Provenge (Sipuleucel-T) is a form of immunotherapy, a vaccine therapy, used to treat prostate cancer that has metastasized. It is appropriate in patients whose cancer is no longer responding to hormonal therapy but who are asymptomatic or minimally symptomatic. These patients may be showing a rise in PSA level after previous hormonal treatment has kept the PSA down for a long time.
Provenge therapy involves taking some of your own blood cells and growing them outside the body in the presence of a substance that is specific for prostate cancer. The cells are then given back to you by infusing them into the bloodstream. These cells can attack prostate cancer cells, and can help program other blood cells to do the same. Such treatment causes few side effects, including mild to moderate chills , fever , and headache , and can prolong survival by several months. Bone-targeted therapy
Bone health is an essential component of prostate cancer treatment. Both the disease itself, as well as the treatment of the disease with androgen deprivation therapy, can have a significant impact on bone health. Several bone-targeted therapies have been approved. Bisphosphonates
The bisphosphonates are a group of drugs used to treat several conditions people can get including osteopenia and osteoporosis . They also can lower elevated blood levels of calcium in people with cancer. They work by affecting cells in the bones called osteoclasts, which work to remove bone. These drugs encourage the death of the osteoclasts. In prostate cancer they impact the course of skeletal-related events including reducing pain in the bones, and delaying the progression of bone metastases associated problems including the appearance of fractures (breaks in bones). While the bisphosphonates can affect the growth of prostate cells in the laboratory, they are presently not considered a targeted or direct-acting drug like a chemotherapy or hormonal treatment. They have also not been shown to prevent the appearance of bone metastases in prostate cancer patients. Nonetheless, they are an important part of the treatment of prostate cancer patients with bone metastases.
The most potent of the bisphosphonates is called zoledronic acid ( Zometa ). It is given intravenously. Its side effects are primarily reactions to the drug infusion. The dose of Zometa may need to be adjusted if the patient's blood tests show signs of deterioration in the function of the patient's kidneys. In addition, its use can predispose patients to serious dental conditions including what is called osteonecrosis of the jaw, which can result in breakdown of the bone of the jaw after dental extractions. It is advised that you see your dentist and have needed dental procedures performed prior to the start of a bisphosphonate. Monoclonal antibody therapy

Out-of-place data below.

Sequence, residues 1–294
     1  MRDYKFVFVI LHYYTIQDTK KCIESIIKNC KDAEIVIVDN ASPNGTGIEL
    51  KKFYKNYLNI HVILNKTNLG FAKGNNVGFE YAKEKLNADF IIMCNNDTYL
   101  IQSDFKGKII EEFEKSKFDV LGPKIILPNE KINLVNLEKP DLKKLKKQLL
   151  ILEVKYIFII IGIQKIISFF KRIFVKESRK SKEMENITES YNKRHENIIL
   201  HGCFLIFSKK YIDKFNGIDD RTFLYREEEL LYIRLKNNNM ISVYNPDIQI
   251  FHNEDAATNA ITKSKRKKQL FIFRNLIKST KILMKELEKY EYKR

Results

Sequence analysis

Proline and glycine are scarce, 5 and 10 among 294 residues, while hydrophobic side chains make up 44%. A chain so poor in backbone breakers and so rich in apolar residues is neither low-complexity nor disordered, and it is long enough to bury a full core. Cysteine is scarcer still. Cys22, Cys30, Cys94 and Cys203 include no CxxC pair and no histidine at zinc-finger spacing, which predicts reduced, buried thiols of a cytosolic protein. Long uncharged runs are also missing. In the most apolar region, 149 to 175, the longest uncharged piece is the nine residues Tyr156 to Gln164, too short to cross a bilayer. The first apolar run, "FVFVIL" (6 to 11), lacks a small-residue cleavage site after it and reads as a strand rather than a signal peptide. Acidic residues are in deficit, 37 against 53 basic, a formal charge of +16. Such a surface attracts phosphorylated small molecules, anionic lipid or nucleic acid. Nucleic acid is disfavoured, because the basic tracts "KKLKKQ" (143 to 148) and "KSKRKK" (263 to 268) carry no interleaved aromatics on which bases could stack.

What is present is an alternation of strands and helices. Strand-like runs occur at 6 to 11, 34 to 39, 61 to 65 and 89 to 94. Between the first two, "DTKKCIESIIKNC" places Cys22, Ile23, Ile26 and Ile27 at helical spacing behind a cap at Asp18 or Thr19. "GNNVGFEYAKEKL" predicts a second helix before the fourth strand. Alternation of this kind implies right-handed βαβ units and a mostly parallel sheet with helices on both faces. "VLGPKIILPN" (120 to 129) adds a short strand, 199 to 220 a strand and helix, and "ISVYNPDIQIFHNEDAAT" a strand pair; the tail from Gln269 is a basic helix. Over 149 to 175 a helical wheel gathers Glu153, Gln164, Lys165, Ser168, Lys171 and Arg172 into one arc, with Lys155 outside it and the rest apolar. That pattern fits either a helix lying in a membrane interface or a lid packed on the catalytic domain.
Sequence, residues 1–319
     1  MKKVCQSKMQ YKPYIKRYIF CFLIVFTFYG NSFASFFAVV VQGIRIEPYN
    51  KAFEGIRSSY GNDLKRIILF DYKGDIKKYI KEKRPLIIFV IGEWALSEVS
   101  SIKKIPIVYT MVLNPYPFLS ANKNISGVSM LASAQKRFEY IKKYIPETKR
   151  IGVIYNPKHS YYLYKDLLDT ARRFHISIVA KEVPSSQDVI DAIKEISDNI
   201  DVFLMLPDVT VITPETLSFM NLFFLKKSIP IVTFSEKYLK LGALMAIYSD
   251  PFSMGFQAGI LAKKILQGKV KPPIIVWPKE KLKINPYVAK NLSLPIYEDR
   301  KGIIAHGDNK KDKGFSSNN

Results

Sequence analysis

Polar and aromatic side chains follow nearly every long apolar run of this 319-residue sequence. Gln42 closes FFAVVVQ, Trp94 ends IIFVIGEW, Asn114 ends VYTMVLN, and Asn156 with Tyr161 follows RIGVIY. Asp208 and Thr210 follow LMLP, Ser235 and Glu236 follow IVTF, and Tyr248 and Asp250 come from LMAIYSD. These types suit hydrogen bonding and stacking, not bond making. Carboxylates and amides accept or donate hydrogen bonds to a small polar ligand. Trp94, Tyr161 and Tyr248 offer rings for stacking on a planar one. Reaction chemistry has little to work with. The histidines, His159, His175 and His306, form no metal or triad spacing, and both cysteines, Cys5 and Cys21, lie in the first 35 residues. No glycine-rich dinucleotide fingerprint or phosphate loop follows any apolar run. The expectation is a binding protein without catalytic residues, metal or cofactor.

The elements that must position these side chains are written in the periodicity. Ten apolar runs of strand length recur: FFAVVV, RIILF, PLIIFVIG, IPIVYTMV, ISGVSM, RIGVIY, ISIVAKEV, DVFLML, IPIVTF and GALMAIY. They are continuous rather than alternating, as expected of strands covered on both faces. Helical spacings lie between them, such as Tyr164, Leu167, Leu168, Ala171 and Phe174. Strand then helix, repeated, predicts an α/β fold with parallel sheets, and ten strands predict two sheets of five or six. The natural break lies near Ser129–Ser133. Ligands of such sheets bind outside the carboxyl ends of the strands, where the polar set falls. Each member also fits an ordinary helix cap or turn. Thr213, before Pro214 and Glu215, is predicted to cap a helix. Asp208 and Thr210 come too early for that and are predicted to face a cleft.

Denosumab (Xgeva) is a monoclonal antibody agent that inhibits the work of osteoclasts in a manner different from bisphosphonates. The medication inhibits a protein that tells the osteoclasts to remove bone. This drug is useful as a treatment for all of the conditions for which bisphosphonates are used. Given as an injection under the skin at intervals, it has a better side effect profile than the bisphosphonates. It does not require dose adjustments if kidney function deteriorates. It can still cause osteonecrosis of the jaw to occur. It is considered an important new drug in the treatment of bone metastases in prostate cancer patients. In some studies it appears to be more effective than Zometa in delaying the initial onset of skeletal-related events in patients with bone metastases. Radiopharmaceuticals
The use of substances that are radioactive as a treatment for bone metastases has been tried for years. Strontium-89 and samarium-153 have been used in the past. They decrease pain in patients with prostate cancer with bone metastases but they do not prolong life; these medications lower levels of healthy blood cells in patients who receive them.
Recently a form of radium called Ra-223 ( Xofigo ) has been approved for use in prostate cancer patients with metastases to bone but not to other internal organs. Radium is like calcium and it migrates to bone where it acts locally. As an alpha emitter, radiation from radium does not travel far enough in the body to damage other healthy tissues. Unlike the bisphosphonates, the use of this agent reduces pain and can prolong survival. It is administered by an injection into a vein. It can cause nausea , diarrhea , and low blood counts. Castrate-resistant prostate cancer (CRPC) and metastatic castration-resistant prostate cancer (MCRPC)
A patient is noted to have metastatic castrate resistant prostate cancer if the individual has progressive prostate cancer with metastases while on ADT. The individual should have a serum testosterone level obtained to make sure that it is at castrate level ( 50 ng/dL, this would indicate that the source of the progression is inadequate androgen deprivation and alternative ADT should be considered. If the individual is determined to have a castrate level of testosterone on ADT with progression of disease (rising PSA) on ADT, the individual is considered to have metastatic castrate-resistant prostate cancer. If metastases are identified, then the individual has metastatic castration-resistant prostate cancer. Over the past several years, a number of therapies have been approved for the treatment of metastatic castrate-resistant prostate cancer, including a new androgen receptor blocker, chemotherapy, immunotherapy/vaccine therapy, as well as bone-directed therapies. Though each of these therapies have unique ways in which they work and different side effects, all have been demonstrated to prolong survival by approximately three to four months each. The sequencing of the various treatments (which should be used first) is not well defined at present. Sipuleucel-T, a vaccine immunotherapy, is the only agent that is specifically approved for use early on in the time frame before one has significant symptoms (asymptomatic or minimally symptomatic). Studies are ongoing to evaluate the best sequence of treatments. Research techniques